Paraski près du cratère des Pingualuit

Paraski près du cratère des Pingualuit, Nunavik, Québec

 

Pour tout amateur de kite, ce territoire immense, dépourvu d’arbres et recouvert de glace huit mois par année, est un terrain de jeu de prédilection pour partir à l’aventure.

En mars dernier, un premier projet pilote de développement touristique en kiteski a été testé dans le premier parc national a voir le jour au Nunavik en 2007, au parc national des Pingaluit, situé à environ 90 km de la communauté inuite de Kangiqsujuaq.
Suite
par Guillaume Roy



Article complet en PDF                   FaceBook Photos

Publié dans Kitebordermagazine le 13 décembre 2014,

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Kangirsujuaq 2018 Kite ski championship

Kangiqsujuaq 2018 Kite ski Championship

Former 2nd place (2016) Quppa George Pinguatuk came first before 2013-2016 Champion Tommy Tuniq who took second place. Age does not matter in Paraski as Lukasi Tukirqi (55) showed taking the 6th place while participating to only one out of the 2 days tournament. 

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Nunavik: The kiteski paradise

Nunavik Kite Ski Paradise                        


Inuit youth reclaiming their land
By Guillaume Roy

Featured in Above & Beyond July / August 2013

With eight-month long winters and ice as far as the eye can see, Nunavik is a kiteskiing paradise for those willing to give it a shot. Over the past seven years, over 1,500 people have learned to kite – ski in 15 communities in Nunavik and Nunavut. And more keep coming.

At the northernmost Quebec village, a light snow sweeps across as strong northern winds blow at 40km/h. Snow has been falling all night and 15 cm of fresh packed snow covers the bay. Blue, red, white, green and yellow forms are speeding up left and right in the Ivujivik bay. Looking closer, one can see skiers being pulled by colourful kites flying around. It’s a spectacular sight for the curious villagers who barely knew what kiteskiing was just a few days prior.

They better get used to it because when you begin to kiteski, it completely changes the way you see the world. Every time the wind blows, it makes you wonder if it is strong enough to ride. It turns on a brain connection that makes you crave to go out on your skis and ride as fast as the wind can pull you. It happens to me every time and I am always impressed how fast people become addicted to kiteskiing.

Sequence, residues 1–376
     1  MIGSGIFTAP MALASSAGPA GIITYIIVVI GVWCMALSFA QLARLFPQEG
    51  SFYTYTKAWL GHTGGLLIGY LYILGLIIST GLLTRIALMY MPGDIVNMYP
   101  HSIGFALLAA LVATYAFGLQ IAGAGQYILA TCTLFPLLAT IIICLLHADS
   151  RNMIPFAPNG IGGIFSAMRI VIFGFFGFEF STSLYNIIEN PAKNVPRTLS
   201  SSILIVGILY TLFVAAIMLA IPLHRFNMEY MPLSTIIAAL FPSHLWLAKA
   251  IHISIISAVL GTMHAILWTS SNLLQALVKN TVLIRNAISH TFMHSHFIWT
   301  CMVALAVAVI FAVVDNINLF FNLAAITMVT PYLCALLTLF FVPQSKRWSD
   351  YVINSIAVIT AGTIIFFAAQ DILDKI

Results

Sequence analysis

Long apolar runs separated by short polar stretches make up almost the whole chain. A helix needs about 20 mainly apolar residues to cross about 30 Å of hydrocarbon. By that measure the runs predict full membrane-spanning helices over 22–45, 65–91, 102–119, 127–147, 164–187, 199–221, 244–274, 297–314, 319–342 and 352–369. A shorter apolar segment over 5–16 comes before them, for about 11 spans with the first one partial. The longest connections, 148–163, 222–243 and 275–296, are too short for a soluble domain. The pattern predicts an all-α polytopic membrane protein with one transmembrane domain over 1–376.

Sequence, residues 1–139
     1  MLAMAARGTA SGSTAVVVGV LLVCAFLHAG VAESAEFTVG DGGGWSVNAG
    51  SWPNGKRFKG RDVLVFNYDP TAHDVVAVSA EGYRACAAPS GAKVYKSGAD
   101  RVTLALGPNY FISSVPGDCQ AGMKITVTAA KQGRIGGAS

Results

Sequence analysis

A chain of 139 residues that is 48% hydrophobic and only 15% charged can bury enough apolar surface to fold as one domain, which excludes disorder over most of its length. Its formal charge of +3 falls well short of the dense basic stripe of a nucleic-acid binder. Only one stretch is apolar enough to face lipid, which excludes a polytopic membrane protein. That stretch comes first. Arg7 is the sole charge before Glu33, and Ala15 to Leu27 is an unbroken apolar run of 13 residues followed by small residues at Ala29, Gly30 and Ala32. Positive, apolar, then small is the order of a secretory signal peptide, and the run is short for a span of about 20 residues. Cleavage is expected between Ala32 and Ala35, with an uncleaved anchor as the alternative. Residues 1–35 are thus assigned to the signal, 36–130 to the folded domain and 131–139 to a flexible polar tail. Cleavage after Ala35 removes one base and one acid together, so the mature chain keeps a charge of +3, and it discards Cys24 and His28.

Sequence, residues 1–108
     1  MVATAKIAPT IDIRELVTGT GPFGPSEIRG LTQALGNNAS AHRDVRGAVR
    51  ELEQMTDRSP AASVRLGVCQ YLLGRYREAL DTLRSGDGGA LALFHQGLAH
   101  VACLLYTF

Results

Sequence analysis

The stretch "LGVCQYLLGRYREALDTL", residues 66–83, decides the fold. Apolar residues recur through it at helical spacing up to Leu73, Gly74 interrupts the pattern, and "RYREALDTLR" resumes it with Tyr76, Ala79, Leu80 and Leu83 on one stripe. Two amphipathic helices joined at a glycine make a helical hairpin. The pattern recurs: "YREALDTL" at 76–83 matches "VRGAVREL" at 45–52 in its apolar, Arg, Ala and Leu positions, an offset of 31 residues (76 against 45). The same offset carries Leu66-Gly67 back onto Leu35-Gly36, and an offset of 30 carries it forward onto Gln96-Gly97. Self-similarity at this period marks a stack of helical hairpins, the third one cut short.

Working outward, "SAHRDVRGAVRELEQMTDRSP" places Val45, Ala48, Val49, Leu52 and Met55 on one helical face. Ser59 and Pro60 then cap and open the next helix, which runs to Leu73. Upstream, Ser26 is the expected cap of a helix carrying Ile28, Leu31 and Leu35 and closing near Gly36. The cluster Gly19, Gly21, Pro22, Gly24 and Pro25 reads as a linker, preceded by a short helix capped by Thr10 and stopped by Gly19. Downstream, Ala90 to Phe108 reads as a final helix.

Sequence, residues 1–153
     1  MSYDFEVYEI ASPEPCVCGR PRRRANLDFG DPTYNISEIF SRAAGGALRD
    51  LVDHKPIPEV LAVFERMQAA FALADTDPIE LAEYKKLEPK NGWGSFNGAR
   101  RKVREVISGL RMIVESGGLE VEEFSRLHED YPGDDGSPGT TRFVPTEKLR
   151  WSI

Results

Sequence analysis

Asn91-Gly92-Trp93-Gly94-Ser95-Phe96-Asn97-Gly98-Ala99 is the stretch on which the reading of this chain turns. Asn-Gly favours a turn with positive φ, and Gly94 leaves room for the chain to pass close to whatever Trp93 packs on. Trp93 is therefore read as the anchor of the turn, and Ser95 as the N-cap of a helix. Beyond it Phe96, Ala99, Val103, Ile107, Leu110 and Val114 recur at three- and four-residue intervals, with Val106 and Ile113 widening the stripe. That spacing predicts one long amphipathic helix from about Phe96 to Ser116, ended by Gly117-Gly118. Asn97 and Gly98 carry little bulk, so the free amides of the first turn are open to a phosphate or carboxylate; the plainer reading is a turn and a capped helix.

“It’s too much fun to miss. I don’t want to waste good wind anymore. Before, I thought that on a nice day, there should be no wind. I now despise those nice days,” says Aulla Qaunnaaluk, only five days after he first learned how to kite. No wonder why alianattuk, which means fun, was one of the first Inuktitut words I learned after anuri (wind).

Read more on Above & Beyond

Nunavik: The kiteski paradise

Nunavik Kite Ski Paradise                        


Inuit youth reclaiming their land
By Guillaume Roy

Featured in Above & Beyond July / August 2013

With eight-month long winters and ice as far as the eye can see, Nunavik is a kiteskiing paradise for those willing to give it a shot. Over the past seven years, over 1,500 people have learned to kite – ski in 15 communities in Nunavik and Nunavut. And more keep coming.

At the northernmost Quebec village, a light snow sweeps across as strong northern winds blow at 40km/h. Snow has been falling all night and 15 cm of fresh packed snow covers the bay. Blue, red, white, green and yellow forms are speeding up left and right in the Ivujivik bay. Looking closer, one can see skiers being pulled by colourful kites flying around. It’s a spectacular sight for the curious villagers who barely knew what kiteskiing was just a few days prior.

They better get used to it because when you begin to kiteski, it completely changes the way you see the world. Every time the wind blows, it makes you wonder if it is strong enough to ride. It turns on a brain connection that makes you crave to go out on your skis and ride as fast as the wind can pull you. It happens to me every time and I am always impressed how fast people become addicted to kiteskiing.

“It’s too much fun to miss. I don’t want to waste good wind anymore. Before, I thought that on a nice day, there should be no wind. I now despise those nice days,” says Aulla Qaunnaaluk, only five days after he first learned how to kite. No wonder why alianattuk, which means fun, was one of the first Inuktitut words I learned after anuri (wind).

Read more on Above & Beyond

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